New UN-backed peace commission in Afghanistan to help settle local disputes

24 August 2003

The United Nations is backing a peace commission in northern Afghanistan that is bringing together members of different factions in a bid to resolve conflicts without violence, a UN spokesman said today in the Afghan capital, Kabul.

The new panel, situated in Faryab Province, includes representatives of area authorities as well as the major factions – Jamiat and Jumbesh – and has already managed to settle a dispute between two of their respective local commanders, according to spokesman Manoel de Almeida e Silva. “It confirmed that there was no fighting in the area as had allegedly been reported but at the same time succeeded in calming down the situation between the two commanders which could have escalated into something bigger.”

The dispute arose from tensions caused when two commanders were competing for territorial control. “The Commission met with both sides as well as village elders and managed to arbitrate an agreement on territory,” the spokesman reported.

The new Commission will meet weekly to address, mediate and resolve issues that have the potential to degenerate into fighting. “These tensions are generally caused by local commanders who are vying for more power and to extend their territory, control and influence,” Mr. de Almeida e Silva explained. “Conflicts can also erupt over disputes ranging from ownership or theft of livestock to annexation of land, extortion and illegal taxation.”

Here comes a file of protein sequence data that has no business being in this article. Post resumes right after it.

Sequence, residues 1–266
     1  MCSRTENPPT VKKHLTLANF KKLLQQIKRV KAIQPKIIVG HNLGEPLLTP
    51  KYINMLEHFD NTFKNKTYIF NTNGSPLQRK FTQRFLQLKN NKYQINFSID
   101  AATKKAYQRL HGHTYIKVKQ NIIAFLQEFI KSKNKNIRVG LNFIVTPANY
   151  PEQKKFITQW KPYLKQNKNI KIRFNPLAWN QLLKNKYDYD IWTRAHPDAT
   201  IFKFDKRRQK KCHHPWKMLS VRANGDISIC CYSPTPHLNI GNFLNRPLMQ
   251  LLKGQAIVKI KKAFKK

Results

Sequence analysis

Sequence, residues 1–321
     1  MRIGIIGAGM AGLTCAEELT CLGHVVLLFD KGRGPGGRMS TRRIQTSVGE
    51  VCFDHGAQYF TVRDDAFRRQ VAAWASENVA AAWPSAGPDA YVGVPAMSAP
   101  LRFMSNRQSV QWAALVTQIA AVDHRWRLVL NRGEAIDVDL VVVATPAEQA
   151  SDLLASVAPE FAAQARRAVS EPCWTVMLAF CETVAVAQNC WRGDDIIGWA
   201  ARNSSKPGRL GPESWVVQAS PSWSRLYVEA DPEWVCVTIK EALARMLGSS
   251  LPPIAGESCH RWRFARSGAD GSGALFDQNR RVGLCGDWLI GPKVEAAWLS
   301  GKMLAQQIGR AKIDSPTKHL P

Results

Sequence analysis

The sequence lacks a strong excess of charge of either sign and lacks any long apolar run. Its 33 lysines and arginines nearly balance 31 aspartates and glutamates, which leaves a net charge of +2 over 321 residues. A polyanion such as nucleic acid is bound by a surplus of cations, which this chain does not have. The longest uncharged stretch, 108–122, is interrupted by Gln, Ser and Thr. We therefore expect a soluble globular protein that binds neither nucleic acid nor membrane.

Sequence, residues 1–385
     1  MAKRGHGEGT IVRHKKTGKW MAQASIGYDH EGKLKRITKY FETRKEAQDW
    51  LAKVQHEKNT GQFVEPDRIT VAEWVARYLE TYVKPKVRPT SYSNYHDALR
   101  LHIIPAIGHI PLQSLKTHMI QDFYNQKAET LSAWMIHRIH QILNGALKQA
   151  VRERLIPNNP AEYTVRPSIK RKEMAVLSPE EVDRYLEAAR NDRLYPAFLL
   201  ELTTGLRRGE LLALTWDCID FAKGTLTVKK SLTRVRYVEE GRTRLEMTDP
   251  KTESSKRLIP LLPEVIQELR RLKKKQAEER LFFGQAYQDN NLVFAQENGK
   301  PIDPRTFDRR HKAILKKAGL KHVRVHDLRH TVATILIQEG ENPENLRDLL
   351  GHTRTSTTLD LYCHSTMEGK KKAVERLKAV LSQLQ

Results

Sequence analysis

The spokesman also announced that key factional leaders – Gen. Abdul Rashid Dostum of Jumbesh, Gen. Ustad Atta Mohammad of Jamiat and Gen. Sardar Saidi of Hizb-e-Wahdat – are leading a delegation of the Security Commission of the North to continue a voluntary disarmament process in Sholgara. “There will be three collection points for weapons where the three leaders will be positioned to collect arms from their respective factions,” Mr. de Almeida e Silva said.

So far, the process has yielded 112 weapons, including light arms, mortars and heavy machine guns. The Commission also registered 169 small arms that were held by individuals for private purposes.

 

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